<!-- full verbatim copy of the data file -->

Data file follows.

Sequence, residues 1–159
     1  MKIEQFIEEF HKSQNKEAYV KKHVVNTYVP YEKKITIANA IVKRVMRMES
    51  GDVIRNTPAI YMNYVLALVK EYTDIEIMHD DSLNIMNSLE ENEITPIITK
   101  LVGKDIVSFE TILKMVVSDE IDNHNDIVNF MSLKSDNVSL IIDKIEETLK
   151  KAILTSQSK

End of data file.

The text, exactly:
Sequence, residues 1–159
     1  MKIEQFIEEF HKSQNKEAYV KKHVVNTYVP YEKKITIANA IVKRVMRMES
    51  GDVIRNTPAI YMNYVLALVK EYTDIEIMHD DSLNIMNSLE ENEITPIITK
   101  LVGKDIVSFE TILKMVVSDE IDNHNDIVNF MSLKSDNVSL IIDKIEETLK
   151  KAILTSQSK